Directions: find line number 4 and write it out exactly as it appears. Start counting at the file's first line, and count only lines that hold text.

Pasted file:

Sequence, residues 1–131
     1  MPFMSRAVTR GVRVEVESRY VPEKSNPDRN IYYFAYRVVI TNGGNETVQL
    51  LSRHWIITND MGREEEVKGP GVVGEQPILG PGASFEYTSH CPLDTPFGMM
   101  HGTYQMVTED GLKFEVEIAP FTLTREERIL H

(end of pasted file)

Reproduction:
   101  HGTYQMVTED GLKFEVEIAP FTLTREERIL H